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The archbishop said: "Ultimately, we are all mortal. At some stage or another, we all have to die, and we have to move on, we have to be recalled by our Maker and Redeemer. We have to create that space for Madiba, to come to terms within himself, with that journey."
On Tuesday, Makgoba visited Mandela and offered a prayer in which he wished for a "peaceful, perfect, end" for the anti-apartheid leader, who was taken to the Pretoria hospital to be treated for what the government said was a recurring lung infection.
In the prayer, he asked for courage to be granted to Mandela's wife, Graca Machel, and others who love him "at this hard time of watching and waiting," and he appealed for divine help for the medical team treating Mandela.
Visitors to the hospital on Wednesday included Mandela's former wife, Winnie Madikizela-Mandela. The couple divorced in 1996.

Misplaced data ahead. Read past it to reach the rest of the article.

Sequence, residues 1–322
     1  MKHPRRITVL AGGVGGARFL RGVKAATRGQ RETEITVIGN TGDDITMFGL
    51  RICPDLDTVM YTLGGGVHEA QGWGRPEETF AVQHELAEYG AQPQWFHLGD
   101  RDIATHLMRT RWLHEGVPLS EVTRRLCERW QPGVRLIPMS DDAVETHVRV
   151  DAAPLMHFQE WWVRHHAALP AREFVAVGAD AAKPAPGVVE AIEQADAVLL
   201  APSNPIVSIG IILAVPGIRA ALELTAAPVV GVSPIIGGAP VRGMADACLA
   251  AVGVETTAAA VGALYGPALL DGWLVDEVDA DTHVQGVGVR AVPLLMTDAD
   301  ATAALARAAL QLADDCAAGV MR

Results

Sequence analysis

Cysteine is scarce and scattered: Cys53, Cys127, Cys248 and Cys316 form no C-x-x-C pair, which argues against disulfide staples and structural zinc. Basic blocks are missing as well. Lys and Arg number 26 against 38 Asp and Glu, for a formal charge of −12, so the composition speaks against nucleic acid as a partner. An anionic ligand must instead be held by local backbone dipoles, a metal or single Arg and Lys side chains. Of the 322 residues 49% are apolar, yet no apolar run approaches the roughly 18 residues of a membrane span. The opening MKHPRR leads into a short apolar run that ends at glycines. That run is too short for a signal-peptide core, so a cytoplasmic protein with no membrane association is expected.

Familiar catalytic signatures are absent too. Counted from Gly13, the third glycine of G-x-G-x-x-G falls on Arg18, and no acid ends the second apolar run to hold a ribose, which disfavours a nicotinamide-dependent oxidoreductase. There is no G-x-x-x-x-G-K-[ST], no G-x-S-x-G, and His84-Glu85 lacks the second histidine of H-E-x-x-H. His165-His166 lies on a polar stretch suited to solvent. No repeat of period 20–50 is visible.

Mandela, whose 95th birthday is on July 18, served a single five-year term as president and afterward focused on charitable causes, but he withdrew from public life years ago and became increasingly frail in recent years. He last made a public appearance in 2010 at the World Cup soccer tournament, which was hosted by South Africa. At that time, he did not speak to the crowd and was bundled against the cold in a stadium full of fans.
On April 29, state television broadcast footage of a visit by Zuma and other leaders of the ruling party, the African National Congress, to Mandela's home. Zuma said at the time that Mandela was in good shape, but the footage — the first public images of Mandela in nearly a year — showed him silent and unresponsive, even when Zuma tried to hold his hand.
"Let's accept instead of crying," said Lucas Aedwaba, a security officer in Pretoria who described Mandela as a hero. "Let's celebrate that the old man lived and left his legacy."